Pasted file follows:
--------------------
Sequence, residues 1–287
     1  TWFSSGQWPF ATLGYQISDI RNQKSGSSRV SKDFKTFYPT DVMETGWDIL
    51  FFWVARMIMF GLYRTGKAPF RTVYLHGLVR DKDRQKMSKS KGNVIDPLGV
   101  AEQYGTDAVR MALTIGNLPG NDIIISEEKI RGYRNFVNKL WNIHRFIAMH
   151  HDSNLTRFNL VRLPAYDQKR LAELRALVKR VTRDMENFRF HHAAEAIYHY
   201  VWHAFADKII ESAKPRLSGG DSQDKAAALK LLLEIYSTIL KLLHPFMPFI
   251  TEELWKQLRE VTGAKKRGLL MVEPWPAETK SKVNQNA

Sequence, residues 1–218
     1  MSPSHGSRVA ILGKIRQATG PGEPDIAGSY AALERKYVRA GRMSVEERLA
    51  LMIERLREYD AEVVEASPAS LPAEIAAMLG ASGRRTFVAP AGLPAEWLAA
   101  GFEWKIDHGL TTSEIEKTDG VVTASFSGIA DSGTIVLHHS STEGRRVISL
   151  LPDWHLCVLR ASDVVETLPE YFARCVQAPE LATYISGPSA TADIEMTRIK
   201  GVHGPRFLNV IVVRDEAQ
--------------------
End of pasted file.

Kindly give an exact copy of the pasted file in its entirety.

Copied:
Sequence, residues 1–287
     1  TWFSSGQWPF ATLGYQISDI RNQKSGSSRV SKDFKTFYPT DVMETGWDIL
    51  FFWVARMIMF GLYRTGKAPF RTVYLHGLVR DKDRQKMSKS KGNVIDPLGV
   101  AEQYGTDAVR MALTIGNLPG NDIIISEEKI RGYRNFVNKL WNIHRFIAMH
   151  HDSNLTRFNL VRLPAYDQKR LAELRALVKR VTRDMENFRF HHAAEAIYHY
   201  VWHAFADKII ESAKPRLSGG DSQDKAAALK LLLEIYSTIL KLLHPFMPFI
   251  TEELWKQLRE VTGAKKRGLL MVEPWPAETK SKVNQNA

Sequence, residues 1–218
     1  MSPSHGSRVA ILGKIRQATG PGEPDIAGSY AALERKYVRA GRMSVEERLA
    51  LMIERLREYD AEVVEASPAS LPAEIAAMLG ASGRRTFVAP AGLPAEWLAA
   101  GFEWKIDHGL TTSEIEKTDG VVTASFSGIA DSGTIVLHHS STEGRRVISL
   151  LPDWHLCVLR ASDVVETLPE YFARCVQAPE LATYISGPSA TADIEMTRIK
   201  GVHGPRFLNV IVVRDEAQ